Yevamot 2 - Sister-in-law

In general, a man is prohibited to marry his sister-in-law, that is, the wife of his brother. However, if his brother dies childless, then it is a mitzvah to marry her (and this is called a "yibum") or to formally allow her to go free (and this is called a "chalitzah").

A special situation arises in a case where a man cannot marry her for a different reason, such as if she is the man's daughter. And, since he cannot marry his daughter, and she does not even need a chalitzah, so too the other wives of the deceased brother are released without a yibum or chalitzah.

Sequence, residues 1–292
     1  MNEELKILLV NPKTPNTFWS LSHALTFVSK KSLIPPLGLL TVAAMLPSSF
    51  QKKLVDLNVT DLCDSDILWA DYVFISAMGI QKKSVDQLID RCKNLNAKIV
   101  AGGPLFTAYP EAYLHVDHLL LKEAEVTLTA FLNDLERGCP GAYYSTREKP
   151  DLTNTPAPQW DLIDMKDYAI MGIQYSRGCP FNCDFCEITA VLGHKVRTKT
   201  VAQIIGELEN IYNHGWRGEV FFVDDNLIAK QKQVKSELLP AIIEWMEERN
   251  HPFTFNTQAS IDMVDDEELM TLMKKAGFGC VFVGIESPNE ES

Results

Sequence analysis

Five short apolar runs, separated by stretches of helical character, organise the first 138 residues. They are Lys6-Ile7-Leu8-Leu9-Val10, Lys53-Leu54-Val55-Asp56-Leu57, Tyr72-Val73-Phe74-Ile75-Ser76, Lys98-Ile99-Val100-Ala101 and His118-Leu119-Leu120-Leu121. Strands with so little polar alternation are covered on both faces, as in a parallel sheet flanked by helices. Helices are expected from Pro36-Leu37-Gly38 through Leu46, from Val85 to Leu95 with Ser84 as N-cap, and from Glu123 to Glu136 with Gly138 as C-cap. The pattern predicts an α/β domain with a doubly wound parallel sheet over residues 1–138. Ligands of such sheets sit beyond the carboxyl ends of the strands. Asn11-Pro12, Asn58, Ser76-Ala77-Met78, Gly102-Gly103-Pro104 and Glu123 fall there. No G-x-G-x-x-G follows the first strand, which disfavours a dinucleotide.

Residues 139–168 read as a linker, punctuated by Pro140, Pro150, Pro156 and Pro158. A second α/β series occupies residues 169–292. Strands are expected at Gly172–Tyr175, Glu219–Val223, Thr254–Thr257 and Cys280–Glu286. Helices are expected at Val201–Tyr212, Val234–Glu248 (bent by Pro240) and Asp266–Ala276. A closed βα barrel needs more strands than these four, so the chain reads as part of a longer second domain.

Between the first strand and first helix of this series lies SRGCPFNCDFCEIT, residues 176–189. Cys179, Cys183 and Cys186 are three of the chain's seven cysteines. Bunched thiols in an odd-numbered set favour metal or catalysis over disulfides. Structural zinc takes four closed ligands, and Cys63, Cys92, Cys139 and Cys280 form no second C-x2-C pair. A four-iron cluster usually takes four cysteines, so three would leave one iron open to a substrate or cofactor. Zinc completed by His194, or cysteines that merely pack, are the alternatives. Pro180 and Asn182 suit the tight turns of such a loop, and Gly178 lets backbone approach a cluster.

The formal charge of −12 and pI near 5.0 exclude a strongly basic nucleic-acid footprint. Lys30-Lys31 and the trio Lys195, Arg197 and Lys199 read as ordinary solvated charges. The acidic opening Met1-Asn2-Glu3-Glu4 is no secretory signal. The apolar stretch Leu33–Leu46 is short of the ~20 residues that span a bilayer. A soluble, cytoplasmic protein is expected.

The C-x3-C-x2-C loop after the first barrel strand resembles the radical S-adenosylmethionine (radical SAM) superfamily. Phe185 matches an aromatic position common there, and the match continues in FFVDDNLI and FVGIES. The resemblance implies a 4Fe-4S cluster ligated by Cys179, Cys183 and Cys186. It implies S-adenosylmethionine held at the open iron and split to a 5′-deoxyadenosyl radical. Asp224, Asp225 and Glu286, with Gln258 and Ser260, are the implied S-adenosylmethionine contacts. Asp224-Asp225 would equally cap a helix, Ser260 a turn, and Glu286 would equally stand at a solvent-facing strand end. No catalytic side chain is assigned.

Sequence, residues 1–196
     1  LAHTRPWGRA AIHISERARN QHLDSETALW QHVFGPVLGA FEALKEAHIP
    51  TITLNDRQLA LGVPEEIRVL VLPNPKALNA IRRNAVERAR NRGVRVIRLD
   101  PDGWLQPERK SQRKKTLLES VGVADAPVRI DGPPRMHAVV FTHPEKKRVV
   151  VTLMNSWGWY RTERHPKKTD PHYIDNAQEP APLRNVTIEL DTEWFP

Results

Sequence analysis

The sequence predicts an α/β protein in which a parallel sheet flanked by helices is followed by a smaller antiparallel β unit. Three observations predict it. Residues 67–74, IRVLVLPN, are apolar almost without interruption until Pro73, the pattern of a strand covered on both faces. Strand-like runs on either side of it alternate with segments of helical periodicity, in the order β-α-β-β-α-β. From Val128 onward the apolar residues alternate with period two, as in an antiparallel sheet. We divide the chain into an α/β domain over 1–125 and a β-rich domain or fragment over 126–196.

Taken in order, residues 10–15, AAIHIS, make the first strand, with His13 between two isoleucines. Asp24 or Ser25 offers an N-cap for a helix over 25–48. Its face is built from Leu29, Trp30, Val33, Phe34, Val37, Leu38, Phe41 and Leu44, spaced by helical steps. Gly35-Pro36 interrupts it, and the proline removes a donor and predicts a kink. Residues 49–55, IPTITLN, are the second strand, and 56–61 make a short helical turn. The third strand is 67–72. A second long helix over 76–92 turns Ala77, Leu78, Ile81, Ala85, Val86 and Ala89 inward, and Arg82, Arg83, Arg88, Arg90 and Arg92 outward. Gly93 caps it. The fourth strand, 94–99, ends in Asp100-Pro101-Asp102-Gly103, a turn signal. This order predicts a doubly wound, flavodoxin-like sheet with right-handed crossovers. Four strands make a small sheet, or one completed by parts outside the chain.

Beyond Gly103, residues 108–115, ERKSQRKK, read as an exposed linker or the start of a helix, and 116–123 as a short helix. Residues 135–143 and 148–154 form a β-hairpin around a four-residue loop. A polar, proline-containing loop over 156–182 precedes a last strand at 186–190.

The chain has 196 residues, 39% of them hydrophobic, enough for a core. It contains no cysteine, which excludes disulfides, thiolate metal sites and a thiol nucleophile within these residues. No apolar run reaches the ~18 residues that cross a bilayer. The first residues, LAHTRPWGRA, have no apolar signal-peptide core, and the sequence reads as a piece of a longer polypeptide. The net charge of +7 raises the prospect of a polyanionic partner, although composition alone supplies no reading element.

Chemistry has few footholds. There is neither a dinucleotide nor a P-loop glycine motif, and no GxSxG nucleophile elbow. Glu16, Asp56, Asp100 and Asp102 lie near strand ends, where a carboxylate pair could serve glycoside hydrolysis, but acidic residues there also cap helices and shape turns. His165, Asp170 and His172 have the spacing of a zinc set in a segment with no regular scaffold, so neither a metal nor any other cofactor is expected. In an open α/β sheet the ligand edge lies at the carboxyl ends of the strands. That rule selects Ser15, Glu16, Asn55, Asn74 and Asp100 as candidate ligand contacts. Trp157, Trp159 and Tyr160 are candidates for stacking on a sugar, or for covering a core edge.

Two things require explanation. How can a man's brother be married to his daughter? Should not such a marriage be prohibited? The answer is that there is no prohibition in the Torah to marry one's niece, but one can't marry his aunt. What about the other wives (co-wives), how is that allowed? The answer here is that by Torah law a man is allowed many wives. The Talmud goes on to list fifteen close relatives of a man whom he cannot marry and who are thus automatically released from chalitzah or yibum, together with their co-wives.

Practically, today one cannot marry many wives and yibum is not allowed, but the chalitzah is still required.

Art: The Two Sisters by August Andreas Jerndorff